SAN FRANCISCO--(BUSINESS WIRE)--Fitch Ratings has affirmed El Rancho Unified School District, California's general obligation bonds (GOs) at 'A' and has removed the Rating Watch Negative on the bonds listed below:
--$13.8 million GOs (election of 2003) series 2003A, 2004, 2005, 2007.
The Rating Outlook is Stable.
The bonds are secured by an unlimited property tax on all taxable properties in the district.
KEY RATING DRIVERS
IMPROVED FINANCIAL OUTLOOK: Removal of the Rating Watch Negative reflects the district's materially improved financial position, including significant expenditure reductions and rising revenues that are expected to result in structural balance beginning in fiscal 2015.
POSITIVE CERTIFICATION: The Los Angeles County Office of Education (the COE) rescinded the fiscal advisor (FA) it assigned to assist the district in managing its finances and positively certified the district's 2nd interim financial report, reflecting material improvement of the district's fiscal outlook.
FINANCIAL CHALLENGES REMAIN: Although the district's financial profile has improved, fund balances are expected to hover just above the 3% required minimum at fiscal years end 2014 and 2015, and policymakers will need to exercise spending restraint in an environment marked by numerous expenditure pressures.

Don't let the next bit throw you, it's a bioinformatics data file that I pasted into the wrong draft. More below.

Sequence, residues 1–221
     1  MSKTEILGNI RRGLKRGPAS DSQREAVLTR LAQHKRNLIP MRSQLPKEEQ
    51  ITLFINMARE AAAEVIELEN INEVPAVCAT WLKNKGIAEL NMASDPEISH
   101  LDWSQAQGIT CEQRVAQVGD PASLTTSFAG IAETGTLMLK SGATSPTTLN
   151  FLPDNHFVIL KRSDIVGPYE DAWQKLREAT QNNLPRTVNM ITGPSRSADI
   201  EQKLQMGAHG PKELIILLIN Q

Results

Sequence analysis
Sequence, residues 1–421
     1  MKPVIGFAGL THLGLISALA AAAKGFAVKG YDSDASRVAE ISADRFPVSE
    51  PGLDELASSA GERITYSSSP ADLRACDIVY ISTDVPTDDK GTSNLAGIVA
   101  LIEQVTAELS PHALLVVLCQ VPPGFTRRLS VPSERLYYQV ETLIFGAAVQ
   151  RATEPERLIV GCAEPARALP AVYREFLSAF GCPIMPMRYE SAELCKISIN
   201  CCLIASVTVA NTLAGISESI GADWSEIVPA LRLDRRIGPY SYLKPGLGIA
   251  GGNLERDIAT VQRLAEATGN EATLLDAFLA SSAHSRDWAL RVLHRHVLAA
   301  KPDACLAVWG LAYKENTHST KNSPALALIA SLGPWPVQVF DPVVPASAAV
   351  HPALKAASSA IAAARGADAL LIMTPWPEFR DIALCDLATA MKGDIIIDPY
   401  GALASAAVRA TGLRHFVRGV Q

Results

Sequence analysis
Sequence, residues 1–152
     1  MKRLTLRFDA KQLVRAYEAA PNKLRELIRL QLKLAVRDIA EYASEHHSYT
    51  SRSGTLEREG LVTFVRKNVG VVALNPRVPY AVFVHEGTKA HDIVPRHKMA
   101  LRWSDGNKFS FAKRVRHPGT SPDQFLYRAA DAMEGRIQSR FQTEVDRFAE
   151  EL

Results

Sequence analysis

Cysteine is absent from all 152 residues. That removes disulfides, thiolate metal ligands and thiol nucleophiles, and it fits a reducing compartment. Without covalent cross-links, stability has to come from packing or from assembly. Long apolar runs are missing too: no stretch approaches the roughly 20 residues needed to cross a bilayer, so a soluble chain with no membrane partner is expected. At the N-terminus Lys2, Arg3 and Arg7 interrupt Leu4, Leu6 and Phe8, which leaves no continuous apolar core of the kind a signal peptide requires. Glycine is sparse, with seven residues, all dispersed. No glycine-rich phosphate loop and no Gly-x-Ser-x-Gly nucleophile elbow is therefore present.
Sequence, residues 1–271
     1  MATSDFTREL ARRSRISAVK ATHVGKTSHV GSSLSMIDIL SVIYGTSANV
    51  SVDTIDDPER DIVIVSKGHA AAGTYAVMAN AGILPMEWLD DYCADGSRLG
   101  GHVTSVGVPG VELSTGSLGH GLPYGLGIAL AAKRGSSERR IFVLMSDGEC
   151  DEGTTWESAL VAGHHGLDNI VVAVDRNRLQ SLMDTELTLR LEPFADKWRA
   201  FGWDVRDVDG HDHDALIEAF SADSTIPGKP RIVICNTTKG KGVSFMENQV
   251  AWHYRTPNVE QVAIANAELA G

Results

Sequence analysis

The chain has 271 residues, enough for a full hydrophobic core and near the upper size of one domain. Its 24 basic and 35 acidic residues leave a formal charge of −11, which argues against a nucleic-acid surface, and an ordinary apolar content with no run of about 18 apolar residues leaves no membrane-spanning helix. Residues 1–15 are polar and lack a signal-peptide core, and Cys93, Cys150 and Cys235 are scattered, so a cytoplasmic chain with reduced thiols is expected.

MIXED ECONOMIC PROFILE: The local economy benefits from its location within the extremely large and diverse Los Angeles employment market, however economic indicators are mixed.
ADEQUATE DEBT PROFILE: Carrying costs are low and capital needs are manageable, but debt amortization is slow, the district participates in the state's weakly funded pension plan that will likely experience significant contribution rate increases, and the district is paying OPEB on a pay-go basis, as is common among California school districts.
FINANCIAL PERFORMANCE IS KEY: Material deterioration or sustainable improvement of the district's fiscal position may lead to a negative or positive rating action, respectively.
The district educates a student population of about 9,300 in the city of Pico Rivera, approximately 25 miles southeast of downtown Los Angeles.
IMPROVED FINANCIAL POSITION
In January the COE negatively certified the district's 1st interim financial report, suggesting the district may not meet its financial obligations by fiscal year end 2014, including maintenance of a minimum 3% general fund balance. The district also assigned an FA to assist the district in convalescing the district's strained fiscal position.
Since then the district's financial position has improved markedly due to board approval of $3.6 million of expenditure reductions, and significant projected revenue enhancements as the state K-12 funding environment continues to improve. As a result, the district is projecting balanced to surplus operations beginning in fiscal 2015.
The COE formerly forecast negative and falling fund balances beginning in fiscal 2015. The district's improved financial projections have led the COE to positively certify the district's 2nd interim report, suggesting the district will meet its financial obligations over a three-year forecast period. The COE also rescinded its FA.
FINANCIAL CHALLENGES REMAIN